November 21, 2001
Collegeville, Minn. - Saint John's University will host "Body of Clay, Soul of Fire: Richard Bresnahan and Art from the Saint John's Pottery," from Dec. 9 through Feb. 8, in the Alice Rogers and Target Galleries, Saint John's Art Center. The exhibition is part of a tour featuring Saint John's resident potter, Richard Bresnahan, along with Jerome Foundation artists and Grotto Foundation apprentices.
The exhibit presents a wide spectrum of artistic expression, from dynamic, non-representational sculpture to utilitarian wares. While some of the work echoes Bresnahan's style, with its subtle coloration and irregular splashes of natural ash glaze-effects fired in the studio's massive wood-burning kiln, others reflect the independent directions taken by the artists after working in the studio.
The exhibit and tour are sponsored by Target Stores and Marshall Field's Project Imagine, with assistance from the Jerome Foundation. Fine Arts programming also receives funding from the Minnesota State Arts Board and the National Endowment for the Arts.
Born in North Dakota in 1953, Bresnahan began his study of ceramics at Saint John's. He went to Japan his senior year as an apprentice under Nakazato Takahsi, a thirteenth-generation potter and the son of a "Living National Treasure." Over the next three-and-a-half-years, Bresnahan acquired a vast knowledge of potting techniques, kiln construction and firing methods, earning the title, "Master Potter."
Upon returning to the U.S. in December 1978, Rev. Michael Blecker promised to make Bresnahan an artist-in-residence at Saint John's, where he set up his first studio in the summer of 1979. Since then, he has worked with and trained emerging artists and student apprentices receiving fellowship opportunities from the Jerome and Grotto Foundations.
In 1993, Bresnahan began building a massive wood-burning kiln in Minn., which he named after his mentor, S. Johanna Becker. With the help of thirty volunteers, he completed the project two years later, in October 1994. The wood-burning kiln is 87 feet long with a 37-foot long backpressure tunnel, making it widely acknowledged as the first of its design and the largest kiln in America. Preparation for the firing of the kiln takes months to orchestrate. Thousands of pieces of pottery and sculpture fill its three chambers. And, since 1995, a community of students, friends, family and volunteers have come together to bring the Johanna kiln to life.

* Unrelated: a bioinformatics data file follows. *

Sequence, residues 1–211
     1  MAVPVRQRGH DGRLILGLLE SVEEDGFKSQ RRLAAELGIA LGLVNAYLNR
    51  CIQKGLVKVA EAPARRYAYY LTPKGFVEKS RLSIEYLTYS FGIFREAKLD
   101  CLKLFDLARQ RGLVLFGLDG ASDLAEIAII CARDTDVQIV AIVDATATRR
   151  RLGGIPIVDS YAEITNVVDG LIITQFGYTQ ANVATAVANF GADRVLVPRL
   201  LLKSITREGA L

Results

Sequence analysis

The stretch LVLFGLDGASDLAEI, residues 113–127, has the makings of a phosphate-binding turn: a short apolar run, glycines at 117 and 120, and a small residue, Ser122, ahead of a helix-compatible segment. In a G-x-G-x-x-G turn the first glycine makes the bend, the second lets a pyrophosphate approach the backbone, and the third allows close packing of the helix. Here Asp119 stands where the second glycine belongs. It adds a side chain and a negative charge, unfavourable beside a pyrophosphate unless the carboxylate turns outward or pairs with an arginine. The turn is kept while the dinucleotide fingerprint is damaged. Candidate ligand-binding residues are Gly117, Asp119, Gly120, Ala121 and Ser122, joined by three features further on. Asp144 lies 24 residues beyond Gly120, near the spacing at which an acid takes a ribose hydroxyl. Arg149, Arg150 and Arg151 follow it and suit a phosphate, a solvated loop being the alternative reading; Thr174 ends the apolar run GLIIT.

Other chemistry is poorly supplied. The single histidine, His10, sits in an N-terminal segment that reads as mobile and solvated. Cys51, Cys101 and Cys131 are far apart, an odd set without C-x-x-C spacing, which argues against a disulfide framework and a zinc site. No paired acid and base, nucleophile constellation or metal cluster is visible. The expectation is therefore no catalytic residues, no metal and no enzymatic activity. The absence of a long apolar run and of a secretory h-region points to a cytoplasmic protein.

"Body of Clay, Soul of Fire: Richard Bresnahan and the Saint John's Pottery" is a book (Afton Historical Society Press, 2001), telling the fascinating story of Bresnahan's professional and personal life and describing the community of artists that have gathered around him and Saint John's Pottery. It also offers insight into Japan's handmade ceramics and apprenticeships, as well as a lively history about the Benedictine monks who founded Saint John's Abbey in the 1860s.
In conjunction with the release of the book, Saint John's University has organized a traveling exhibition throughout the Upper Midwest. Many of the works of Bresnahan, Jerome Foundation artists and Grotto Foundation apprentices will be on display. Exhibition dates are below.
Gallery hours for the Alice R. Rogers and Target Galleries are 10 a.m. to 4 p.m., Sunday to Saturday. Extended hours are on Thursday until 9 p.m. For more information or to schedule a tour, call the Saint John's Art Center Gallery office at 320-363-2701.
The College of Saint Benedict for women and Saint John's University for men are partners in liberal arts education, providing students the opportunity to benefit from the distinctions of not one, but two nationally recognized Catholic, Benedictine, residential undergraduate colleges. Together, the colleges challenge students to live balanced lives of learning, work, leadership and service in a coeducational environment.
Dec. 9, 2001 - Feb. 8, 2002
Alice R. Rogers and Target Galleries, Saint John's University Art Center
April 19 - June 16, 2002
Visual Art Center at Washington Pavilion of Arts and Sciences, Sioux Falls, SD
Sept. 11 - Oct. 19, 2002
University of Minnesota - Morris
Nov. 2, 2002 - Feb. 5, 2003
North Dakota Museum of Art, Grand Forks, ND
January 13 - March 15, 2003
Tweed Museum, Duluth, Minn.
June 5 - July 13, 2003
Phipps Center for Arts, Hudson, Wis.